Dangerous trend could lead to a new generation of addicted parents

Millions of Americans deal with substance abuse every year, but it’s not just the users who suffer the consequences.

We’re talking about the children who live in homes where drug and alcohol is a problem with the adults who are supposed to be taking care of them.

WINK News reporter Channing Frampton spoke with a recovering addict from Lee County who is worried about a dangerous new trend and how it could lead to a whole new generation of addicted parents.

“It started like I think it does for a lot of people: with marijuana in high school,” said Brittany Hargrove.

She shared her experience with addiction and the dangerous road it led her down.

“Ended up addicted to pain pills,” she said. “When you can’t afford that…I turned to heroin on the street.”

After an arrest, some time in jail and a treatment program, she turned her life around. She’s been sober since January 2013.

But now, she’s worried that vaping could lead thousands of other teens down that dangerous road.

“I don’t think it’s ever appropriate for an under-developed mind to have access to those things,” said Hargrove, worried that a nicotine addiction could turn into something more.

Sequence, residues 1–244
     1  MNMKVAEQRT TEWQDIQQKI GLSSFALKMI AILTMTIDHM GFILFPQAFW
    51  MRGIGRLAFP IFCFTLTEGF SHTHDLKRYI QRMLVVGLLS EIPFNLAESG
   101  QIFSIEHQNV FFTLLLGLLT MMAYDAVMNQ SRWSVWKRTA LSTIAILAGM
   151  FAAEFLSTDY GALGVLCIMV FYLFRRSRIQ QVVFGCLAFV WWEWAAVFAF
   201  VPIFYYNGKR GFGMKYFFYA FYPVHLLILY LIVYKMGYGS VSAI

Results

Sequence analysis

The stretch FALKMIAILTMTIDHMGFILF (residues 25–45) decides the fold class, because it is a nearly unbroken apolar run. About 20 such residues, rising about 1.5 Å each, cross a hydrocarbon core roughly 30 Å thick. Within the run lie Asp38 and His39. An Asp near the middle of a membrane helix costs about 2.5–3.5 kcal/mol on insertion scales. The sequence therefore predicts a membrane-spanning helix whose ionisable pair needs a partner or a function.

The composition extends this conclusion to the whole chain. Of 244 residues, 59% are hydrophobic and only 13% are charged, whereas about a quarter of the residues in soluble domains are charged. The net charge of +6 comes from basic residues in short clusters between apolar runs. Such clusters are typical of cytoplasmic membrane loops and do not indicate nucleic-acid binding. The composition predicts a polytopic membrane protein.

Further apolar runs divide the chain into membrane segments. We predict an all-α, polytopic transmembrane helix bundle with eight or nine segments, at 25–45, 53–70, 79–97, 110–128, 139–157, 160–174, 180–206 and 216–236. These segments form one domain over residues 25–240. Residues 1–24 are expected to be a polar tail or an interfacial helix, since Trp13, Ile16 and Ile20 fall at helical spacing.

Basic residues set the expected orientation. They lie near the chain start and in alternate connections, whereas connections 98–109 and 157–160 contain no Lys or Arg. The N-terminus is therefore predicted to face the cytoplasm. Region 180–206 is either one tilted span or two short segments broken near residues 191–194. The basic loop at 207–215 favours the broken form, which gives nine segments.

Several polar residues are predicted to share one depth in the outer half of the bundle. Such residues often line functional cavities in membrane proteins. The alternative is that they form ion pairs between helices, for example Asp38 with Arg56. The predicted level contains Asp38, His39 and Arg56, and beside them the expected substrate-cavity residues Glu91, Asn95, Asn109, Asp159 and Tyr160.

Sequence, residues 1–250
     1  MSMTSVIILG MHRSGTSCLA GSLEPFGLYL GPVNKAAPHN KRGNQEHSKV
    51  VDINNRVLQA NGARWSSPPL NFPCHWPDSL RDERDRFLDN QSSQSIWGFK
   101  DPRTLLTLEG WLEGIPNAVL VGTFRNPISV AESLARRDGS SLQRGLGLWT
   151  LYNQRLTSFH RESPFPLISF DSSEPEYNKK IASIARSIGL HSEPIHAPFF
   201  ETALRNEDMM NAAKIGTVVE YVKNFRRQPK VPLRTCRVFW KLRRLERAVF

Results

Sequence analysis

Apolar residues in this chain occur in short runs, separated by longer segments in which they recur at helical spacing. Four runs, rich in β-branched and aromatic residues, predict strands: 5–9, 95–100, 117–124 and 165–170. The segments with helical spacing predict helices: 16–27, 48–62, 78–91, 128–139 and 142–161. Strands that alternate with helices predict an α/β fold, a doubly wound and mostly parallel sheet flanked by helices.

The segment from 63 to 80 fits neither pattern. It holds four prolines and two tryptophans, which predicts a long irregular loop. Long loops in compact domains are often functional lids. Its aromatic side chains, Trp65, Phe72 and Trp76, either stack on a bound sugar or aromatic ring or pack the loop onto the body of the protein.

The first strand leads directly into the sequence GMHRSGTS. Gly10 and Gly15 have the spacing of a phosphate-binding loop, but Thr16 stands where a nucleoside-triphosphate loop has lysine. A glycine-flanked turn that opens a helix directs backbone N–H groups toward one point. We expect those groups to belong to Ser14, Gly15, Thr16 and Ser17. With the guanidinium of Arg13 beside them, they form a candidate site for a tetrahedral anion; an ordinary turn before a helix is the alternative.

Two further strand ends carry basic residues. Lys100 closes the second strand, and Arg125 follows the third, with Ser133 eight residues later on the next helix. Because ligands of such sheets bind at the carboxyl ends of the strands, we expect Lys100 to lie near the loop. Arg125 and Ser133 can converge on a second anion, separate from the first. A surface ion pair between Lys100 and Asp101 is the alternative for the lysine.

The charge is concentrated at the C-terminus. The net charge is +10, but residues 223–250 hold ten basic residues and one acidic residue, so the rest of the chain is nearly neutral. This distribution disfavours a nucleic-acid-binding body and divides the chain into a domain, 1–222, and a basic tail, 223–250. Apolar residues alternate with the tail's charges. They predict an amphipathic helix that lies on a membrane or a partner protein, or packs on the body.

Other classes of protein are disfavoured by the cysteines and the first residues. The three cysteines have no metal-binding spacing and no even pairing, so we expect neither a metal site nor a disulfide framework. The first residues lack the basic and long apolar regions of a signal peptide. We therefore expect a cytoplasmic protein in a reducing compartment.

“Here comes another generation. Where does this stop,” she asked.

Jerry Moe is the national director for children’s programs at Hazelden Betty Ford Foundation. He spoke at Riverside Church with community leaders about the effects addiction has on children growing up with parents who are hooked.

“It’s a nightmare for boys and girls,” he said.

And, it’s a big problem. In fact, one-third of kids in the U.S. live in a family where alcohol or drug addiction is a problem.

“The number one, at-risk group of boys and girls in America who could get addicted are children who come from families where it’s there,” said Moe.

Which is why he’s telling parents who are addicted now: “The greatest gift we can ever give our children is a safe place where they can heal. Work on your own recovery.”

A message Hargrove echoes as she works to help other adults dealing with addiction. “Treat the disease while loving the person,” she says.

On Monday evenings, a Caring Families group is hosted at Golisano Children’s Hospital. It’s presented by Lee Health and Hazelden and is for people who have a loved one dealing with addiction. If you’d like to get involved, you can visit their website HERE. 

Reporter:Channing Frampton
Writer:Briana Harvath
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